[eDebate] Andy, you don't understand the concept of ground rules

scottelliott at grandecom.net scottelliott
Thu Jun 14 09:34:29 CDT 2007


Topicality is important because it is a gound rule for meaningful debates. A
team's unilateral decision to ignore the resolution breaches communication
ethics and should be sanctioned. The standard rationales for
topicality--fairness, and education--can be answered or turned by a non-topical
affirmatives or simply do not describe the underlying rationale for topicality
being a voting issue. Your lack of understanding is your problem. Your
inability to understand analogies from the legal sphere reflects your own
inadequecies.

We ask, why is X against the law? We respond, because of 1, 2, 3.

You ask, why is topicality a voting issue in a debate round. I respond, because
of communication ethics and necessity to respect the concept that some rules
are necessary for communities to meaningfully exist.

The ball has been advanced substantially from my point of view. Matt and I have
pressed the issue--where do we draw the line? You don't like to affirm the
resolution so you choose not to do so. My team does not like to debate, so they
just pay the judge  fifty bucks for the win. Or, we decide we don't like to sit
and listen to other people speak. Or, we decide that we can beat your teams ass
and just jump you in the bathroom before the round even starts. At this point,
you start going, "wha, wha, wait! That goes too far. YOU can't beat someone up
in a debate round?" My response is "Why not?"

The obvious response from you will be "Because there are certain norms or rules
of discourse by which we agree to operate in order to have a debate." Either
that, or you just roll with the punches. Surely, you will agree that there are
minimal ground rules that exist in all debate rounds. If not, then you are
really advocating a bad form of anarchy.


However, If you concede that some rules are necessary for meaningful debates,
(which I cannot understand how you cannot)then we get to the critical secondary
questions:

What rules exists?

Who gets to choose what rules exist?

The blanket "there are no rules in debate" is obviously flawed and simply not
true. So, we have to ask what are the rules and who gets to make them.

I suggest certain rules or norms are a priori in academic debates:

Example: Violence is not condoned. I assume we can agree at least on this.

Why not? Because the majority of the people within the community have agreed
that literally kicking someone's ass in a debate does not foster community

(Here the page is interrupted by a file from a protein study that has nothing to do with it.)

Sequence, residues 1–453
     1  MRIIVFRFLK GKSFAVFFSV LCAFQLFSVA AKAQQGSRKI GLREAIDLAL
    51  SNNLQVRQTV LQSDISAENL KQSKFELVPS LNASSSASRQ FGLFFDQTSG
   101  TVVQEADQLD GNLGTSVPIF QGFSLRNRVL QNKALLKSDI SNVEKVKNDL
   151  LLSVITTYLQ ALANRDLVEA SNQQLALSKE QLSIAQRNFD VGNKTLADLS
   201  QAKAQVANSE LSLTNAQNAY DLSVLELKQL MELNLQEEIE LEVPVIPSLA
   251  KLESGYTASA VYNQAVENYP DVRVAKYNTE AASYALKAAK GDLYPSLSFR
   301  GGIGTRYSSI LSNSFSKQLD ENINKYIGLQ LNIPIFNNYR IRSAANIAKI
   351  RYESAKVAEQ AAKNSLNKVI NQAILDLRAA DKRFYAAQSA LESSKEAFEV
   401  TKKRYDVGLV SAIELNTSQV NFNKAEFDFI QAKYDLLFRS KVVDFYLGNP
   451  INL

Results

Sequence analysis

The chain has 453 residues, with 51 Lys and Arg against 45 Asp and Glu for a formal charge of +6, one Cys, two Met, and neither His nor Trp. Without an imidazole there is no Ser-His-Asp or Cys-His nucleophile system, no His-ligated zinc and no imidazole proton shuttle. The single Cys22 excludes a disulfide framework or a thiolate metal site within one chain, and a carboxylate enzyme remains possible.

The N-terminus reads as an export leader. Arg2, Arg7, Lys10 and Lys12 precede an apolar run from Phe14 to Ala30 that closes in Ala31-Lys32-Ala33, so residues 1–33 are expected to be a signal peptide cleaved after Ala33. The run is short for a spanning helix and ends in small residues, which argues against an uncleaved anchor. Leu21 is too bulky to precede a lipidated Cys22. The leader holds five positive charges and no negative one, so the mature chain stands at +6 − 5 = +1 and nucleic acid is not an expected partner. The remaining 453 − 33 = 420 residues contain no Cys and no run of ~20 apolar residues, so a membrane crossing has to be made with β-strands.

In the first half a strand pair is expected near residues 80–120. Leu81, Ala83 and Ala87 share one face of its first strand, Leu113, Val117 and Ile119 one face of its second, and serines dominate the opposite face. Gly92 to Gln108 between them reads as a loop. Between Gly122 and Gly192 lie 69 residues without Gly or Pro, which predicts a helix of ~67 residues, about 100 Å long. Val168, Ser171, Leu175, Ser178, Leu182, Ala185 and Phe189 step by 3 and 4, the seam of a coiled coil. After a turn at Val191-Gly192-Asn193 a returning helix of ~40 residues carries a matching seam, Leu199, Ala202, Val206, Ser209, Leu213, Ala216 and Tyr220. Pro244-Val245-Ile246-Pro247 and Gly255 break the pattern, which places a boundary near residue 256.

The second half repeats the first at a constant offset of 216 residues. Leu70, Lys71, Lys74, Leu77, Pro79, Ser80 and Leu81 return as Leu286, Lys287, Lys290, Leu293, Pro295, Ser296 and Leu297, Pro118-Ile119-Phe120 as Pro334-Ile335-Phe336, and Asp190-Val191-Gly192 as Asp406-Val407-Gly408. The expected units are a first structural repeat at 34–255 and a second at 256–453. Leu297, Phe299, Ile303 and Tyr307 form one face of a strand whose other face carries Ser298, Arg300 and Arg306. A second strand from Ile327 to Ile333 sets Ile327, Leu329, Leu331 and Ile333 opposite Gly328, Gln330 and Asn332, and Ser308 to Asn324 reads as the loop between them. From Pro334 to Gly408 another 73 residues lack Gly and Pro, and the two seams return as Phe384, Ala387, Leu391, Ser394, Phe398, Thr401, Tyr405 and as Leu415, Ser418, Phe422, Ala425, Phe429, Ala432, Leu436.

values--you
know, persuasion versus coercion, etc.

O.K. Then if we agree that the community can establish certain norms and that
people should be sanctioned for violating those norms, we get to ask, are there
other norms?

I suggest there is another norm--that teams come together to debate a single
problem area. The community has decided that this is the method of debate, prior
to the debate round. That is what all the bitching about the topics sucking and
which one to vote for is all about. That is why I am still deciding whether to
even particpate in CEDA tournaments this year. because, as a program director,
once I choose to participate, I believe that my teams should debate the agreed
upon resolution.

Other debate organizations have decided that they want to have teams debate
different resolutions per round--but within each round, there is an a priori
assumption
that both teams will debate the topic chosen for that particular round.

You suggest, and teams have actually attempted, to flout this norm by saying
that the affirmative does not have to debate the resolution that was chosen by
the community prior to the debate round. The debate over what the topic of
discussion should be has already occurred, yet, you unilaterally want to reopen
this a priori debate.

I am merely offering that your justifications of education and freedom and
conscience do not outweigh the community's need to maintain coherence, and the
general need to have some mutually agreed to ground rules that are established
before teams enter the round.

>From a legal perspective, rules are all about line drawing. We draw those lines
every day. There are good reasons why topicality should remain a line and why
voting negative is an appropriate sanction. The best reason I have found is
that of communication ethics--namely, parties agree to certain ground rules
prior to engaging in persuasion. If one party breaches those ground rules, this
"gentlemen's agreement" has been breached, and often, all bets are off. The only
way to prevent this is by offering some form of sanction. In the case of a
debate round, a non-topical affirmative breaches part of the agreement and
should therefore be sanctioned with a loss.

Just explain why we should draw the line at violence, or interruption of
speakers, or bribery and not draw the line at topicality; and you may have an
argument Andy.

Finally, I think it is absurd that anyone should read any "cards" from edebate
posts. Rather, I would suggest that teams searching for new reasons why
topicality is a voting issue look to texts on communication ethics. I suggest
Habermas and Chaim Perleman. I would also suggest texts on Jurisprudence, RUle
of Law and moral reasoning. Finally, I would suggest books on civil
disobedience thoery. The "cards" to support these arguments, if cards are even
needed, exist and are readily obtainable.

Scott








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